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Eanie Meany by Jim Noir

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Reviewed on 2nd January 2005.

 
 

Eanie Meany

By Jim Noir

Having heard a truckload of overtly and comically favourable comments about Mr. Jim Noir recently, I was as pleased as an affluent drunk in a Bargain Booze to find that this EP had dropped through my letterbox on Christmas Eve. It's also lime green, so I've started looking at it every morning to wake me up. It works better than coffee.

The title track is instantly memorable, hummable, singable, tralalala-able and pretty much everything-able, incorporating the lines "If you don't give my football back I'm gonna get my dad on you / I only kicked it over your fence and broke a silly gnome or two". Weirdness fully in place, this playfully boisterous lyricism could be mistaken for pure boyhood silliness, but the skilfully understated musical surroundings which envelop these crazy words point us in a more mature and astutely-realised direction. The vocals are hushed and smooth, the acoustic guitar is a delight to behold and the skipping tambourines sprinkle floral, evergreen loveliness over the proceedings. You have entered Jim's fairy forest of strangeness, and are cordially invited to stay awhile in the Garden of Eanie for 'Tower of Love'. Its fairground organ pipes provide the colourful olde-worlde backdrop for some drippy, trippy honky-tonk piano chords and warm strings so fuzzy they sound like they've just waltzed out of Mary Poppins escorted by those penguins in suits that twizzle around Dick Van Dyke and his missus.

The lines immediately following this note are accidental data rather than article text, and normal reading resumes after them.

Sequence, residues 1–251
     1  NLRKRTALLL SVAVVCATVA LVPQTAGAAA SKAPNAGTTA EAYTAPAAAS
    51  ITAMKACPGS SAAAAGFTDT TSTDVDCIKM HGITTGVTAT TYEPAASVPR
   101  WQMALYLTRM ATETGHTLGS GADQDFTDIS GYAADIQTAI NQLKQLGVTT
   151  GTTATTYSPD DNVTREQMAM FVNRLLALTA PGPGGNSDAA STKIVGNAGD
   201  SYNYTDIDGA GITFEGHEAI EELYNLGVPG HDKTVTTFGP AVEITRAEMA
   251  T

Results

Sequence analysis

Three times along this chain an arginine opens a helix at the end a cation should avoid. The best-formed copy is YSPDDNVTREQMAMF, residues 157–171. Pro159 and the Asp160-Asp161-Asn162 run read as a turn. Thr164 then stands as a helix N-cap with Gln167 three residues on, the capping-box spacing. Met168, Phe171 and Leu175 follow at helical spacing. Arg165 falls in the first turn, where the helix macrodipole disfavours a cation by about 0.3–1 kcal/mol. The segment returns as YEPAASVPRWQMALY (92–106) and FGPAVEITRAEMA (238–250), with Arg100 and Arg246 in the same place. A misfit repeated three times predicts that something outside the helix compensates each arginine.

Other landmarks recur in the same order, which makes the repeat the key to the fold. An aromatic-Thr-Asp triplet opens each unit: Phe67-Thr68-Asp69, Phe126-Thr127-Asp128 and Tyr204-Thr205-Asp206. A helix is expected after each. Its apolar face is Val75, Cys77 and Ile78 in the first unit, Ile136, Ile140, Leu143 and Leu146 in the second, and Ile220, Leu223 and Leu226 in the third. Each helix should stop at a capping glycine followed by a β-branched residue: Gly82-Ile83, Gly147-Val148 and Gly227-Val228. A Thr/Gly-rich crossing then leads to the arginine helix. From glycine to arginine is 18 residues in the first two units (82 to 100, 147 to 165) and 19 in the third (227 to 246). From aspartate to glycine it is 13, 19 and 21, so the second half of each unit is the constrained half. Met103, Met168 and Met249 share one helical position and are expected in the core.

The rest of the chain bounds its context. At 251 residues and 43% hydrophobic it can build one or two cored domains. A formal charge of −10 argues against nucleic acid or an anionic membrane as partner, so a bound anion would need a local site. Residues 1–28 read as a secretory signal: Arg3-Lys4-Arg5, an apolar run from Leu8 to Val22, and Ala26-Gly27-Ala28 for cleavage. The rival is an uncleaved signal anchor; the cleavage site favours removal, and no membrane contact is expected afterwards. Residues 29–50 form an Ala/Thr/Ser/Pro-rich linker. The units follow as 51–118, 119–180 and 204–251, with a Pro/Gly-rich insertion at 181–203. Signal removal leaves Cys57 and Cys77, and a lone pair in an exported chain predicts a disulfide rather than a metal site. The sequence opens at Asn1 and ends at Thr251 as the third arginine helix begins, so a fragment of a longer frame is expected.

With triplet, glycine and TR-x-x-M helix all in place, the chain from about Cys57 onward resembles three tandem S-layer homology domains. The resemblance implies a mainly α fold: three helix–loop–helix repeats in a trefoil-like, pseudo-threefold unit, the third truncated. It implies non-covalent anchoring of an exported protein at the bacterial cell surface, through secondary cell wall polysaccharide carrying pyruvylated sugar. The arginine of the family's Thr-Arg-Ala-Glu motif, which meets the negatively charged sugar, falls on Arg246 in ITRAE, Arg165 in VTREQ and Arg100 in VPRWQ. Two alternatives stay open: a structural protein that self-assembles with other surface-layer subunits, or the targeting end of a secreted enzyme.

By the time we've reached 'Tell Me What To Do' I no longer know which century we are living in or which paisley-print frock to don. Noir has already been described as 'schizophrenic' by just about everyone in the stratosphere so I'm reluctant to do the same, but it's clear where this picture is coming from - the sleepy and relaxed Disneyland voices ooze out over maniacally-paced basslines and percussion instruments who shake their booties so hard that their collective ass is about to fall off. And to add the final touch, 'I Can't See' uses flutes. Flutes I say, flutes!

On Jim Noir's planet, they've just invented the colour television and the candy cane, and everything is soaking in dollops of rainbow pigment awaiting the tie-dying process. Beautifully bright, amusingly refreshing, and a little nuts.

 

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